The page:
During a web-based CME conference on June 14th, two of the nation's leading experts on substance abuse and toxicology presented the latest information on adolescent binge drinking. The conference was co-sponsored by the American College of Preventive Medicine and Medscape/WebMD. A free archive of the session is now available online at www.medscape.com.
Dr. Robin B. McFee of Emergistics US, Inc., and Dr. Michael M. Miller of the NewStart Alcohol/Drug Treatment Program at Meriter Hospital, delivered presentations and answered audience questions. Dr. George Lundberg, Editor-in-Chief of Medscape General Medicine, moderated the session. The conference provided critical information for practicing physicians, public health officials, and other front-line health providers who provide primary care and substance abuse treatment to adolescents, as well as to those who are concerned with the health and social implications of adolescent binge drinking.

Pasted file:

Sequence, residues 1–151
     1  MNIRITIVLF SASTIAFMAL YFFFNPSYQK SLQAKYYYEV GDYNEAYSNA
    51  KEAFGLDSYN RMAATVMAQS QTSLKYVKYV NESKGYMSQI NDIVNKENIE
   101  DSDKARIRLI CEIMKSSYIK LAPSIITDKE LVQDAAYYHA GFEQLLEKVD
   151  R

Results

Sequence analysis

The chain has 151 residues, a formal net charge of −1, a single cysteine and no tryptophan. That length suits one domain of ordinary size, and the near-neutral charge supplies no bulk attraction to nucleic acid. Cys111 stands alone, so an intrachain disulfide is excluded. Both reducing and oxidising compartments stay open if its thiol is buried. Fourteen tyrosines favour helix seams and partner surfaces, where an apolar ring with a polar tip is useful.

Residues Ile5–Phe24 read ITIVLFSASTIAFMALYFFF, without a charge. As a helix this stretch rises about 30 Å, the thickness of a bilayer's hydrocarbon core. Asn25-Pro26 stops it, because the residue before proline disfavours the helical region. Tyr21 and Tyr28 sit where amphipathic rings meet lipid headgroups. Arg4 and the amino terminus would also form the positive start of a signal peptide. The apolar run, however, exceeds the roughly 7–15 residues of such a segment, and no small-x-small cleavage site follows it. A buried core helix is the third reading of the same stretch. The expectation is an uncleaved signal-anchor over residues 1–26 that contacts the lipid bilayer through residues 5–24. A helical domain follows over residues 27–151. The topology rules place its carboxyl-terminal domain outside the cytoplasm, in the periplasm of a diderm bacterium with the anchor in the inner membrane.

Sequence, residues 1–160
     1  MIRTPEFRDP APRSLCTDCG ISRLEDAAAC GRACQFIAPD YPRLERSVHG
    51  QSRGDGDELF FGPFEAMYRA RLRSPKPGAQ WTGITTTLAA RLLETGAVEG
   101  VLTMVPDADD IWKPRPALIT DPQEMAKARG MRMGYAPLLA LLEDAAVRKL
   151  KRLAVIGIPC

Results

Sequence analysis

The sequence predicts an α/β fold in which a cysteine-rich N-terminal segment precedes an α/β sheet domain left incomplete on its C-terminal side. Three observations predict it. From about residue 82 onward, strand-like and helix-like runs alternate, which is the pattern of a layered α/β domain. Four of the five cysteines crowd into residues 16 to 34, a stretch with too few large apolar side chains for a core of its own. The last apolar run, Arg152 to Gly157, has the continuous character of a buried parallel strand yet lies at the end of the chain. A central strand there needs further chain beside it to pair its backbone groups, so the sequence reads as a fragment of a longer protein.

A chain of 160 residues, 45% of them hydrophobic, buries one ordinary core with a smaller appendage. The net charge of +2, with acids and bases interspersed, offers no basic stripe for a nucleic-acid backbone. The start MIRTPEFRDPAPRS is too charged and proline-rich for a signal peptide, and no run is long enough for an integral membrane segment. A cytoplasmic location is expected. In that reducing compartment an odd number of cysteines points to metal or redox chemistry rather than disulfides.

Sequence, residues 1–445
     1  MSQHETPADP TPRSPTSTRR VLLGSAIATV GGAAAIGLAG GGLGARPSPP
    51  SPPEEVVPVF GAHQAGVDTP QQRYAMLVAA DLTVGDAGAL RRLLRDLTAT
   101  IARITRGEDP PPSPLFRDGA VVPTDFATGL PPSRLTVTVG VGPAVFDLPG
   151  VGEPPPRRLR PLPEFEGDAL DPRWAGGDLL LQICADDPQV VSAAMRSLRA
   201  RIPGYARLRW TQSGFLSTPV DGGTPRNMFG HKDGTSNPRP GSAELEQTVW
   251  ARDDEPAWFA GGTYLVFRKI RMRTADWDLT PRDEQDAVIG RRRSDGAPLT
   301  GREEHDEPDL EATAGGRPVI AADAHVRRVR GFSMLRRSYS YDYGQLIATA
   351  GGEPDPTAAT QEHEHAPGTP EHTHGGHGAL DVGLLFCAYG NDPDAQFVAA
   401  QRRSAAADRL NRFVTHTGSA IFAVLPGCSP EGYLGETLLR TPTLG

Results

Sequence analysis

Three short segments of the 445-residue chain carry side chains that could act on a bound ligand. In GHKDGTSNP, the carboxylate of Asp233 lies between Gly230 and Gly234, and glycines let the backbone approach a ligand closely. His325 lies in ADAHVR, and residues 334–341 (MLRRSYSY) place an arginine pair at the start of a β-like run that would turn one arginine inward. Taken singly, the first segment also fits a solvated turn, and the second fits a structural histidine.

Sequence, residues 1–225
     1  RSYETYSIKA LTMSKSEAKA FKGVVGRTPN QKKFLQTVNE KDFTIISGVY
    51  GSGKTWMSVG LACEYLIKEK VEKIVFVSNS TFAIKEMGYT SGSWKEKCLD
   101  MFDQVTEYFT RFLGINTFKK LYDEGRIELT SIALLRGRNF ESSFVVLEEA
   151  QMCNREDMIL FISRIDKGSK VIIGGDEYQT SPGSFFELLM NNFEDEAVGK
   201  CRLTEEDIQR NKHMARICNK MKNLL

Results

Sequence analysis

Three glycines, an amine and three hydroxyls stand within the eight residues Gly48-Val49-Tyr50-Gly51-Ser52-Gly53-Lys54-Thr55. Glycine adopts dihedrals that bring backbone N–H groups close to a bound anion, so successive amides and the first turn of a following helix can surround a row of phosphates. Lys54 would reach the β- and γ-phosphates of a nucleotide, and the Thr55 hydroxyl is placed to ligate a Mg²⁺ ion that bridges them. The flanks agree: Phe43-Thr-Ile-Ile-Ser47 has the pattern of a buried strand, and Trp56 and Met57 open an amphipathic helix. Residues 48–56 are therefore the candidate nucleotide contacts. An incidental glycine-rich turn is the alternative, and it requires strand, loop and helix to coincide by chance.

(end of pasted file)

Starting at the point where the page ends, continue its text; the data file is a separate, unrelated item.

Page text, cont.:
The conference featured an overview of the epidemiology of binge drinking, including use patterns and trends, and the risks associated with this type of substance use. Participants also learned that approximately 75% of adolescent morbidity and mortality is associated with behavioral health risks, of which a large portion can be attributed to substance and alcohol use.
Dr. Miller, highlighting the impact of alcohol use and addiction on adolescent brain development, noted that "Some of the evidence…suggests that there may not be any safe levels of alcohol consumption for kids because of how sensitive the developing adolescent brain is to alcohol, especially in binge amounts." In describing clinical approaches to addressing the problem, Dr. McFee stressed the importance of age-appropriate adolescent health services and building rapport with adolescent patients. By using the 5 A's (anticipate, ask, advise, assist, arrange) method at every office visit, clinicians can build trust and assess an adolescents risk profile.
Source: Eurekalert & othersLast reviewed: By John M. Grohol, Psy.D. on 21 Feb 2009
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Excess on occasion is exhilirating. It prevents moderation from acquiring the deadening effect of a habit.
-- William Somerset Maugham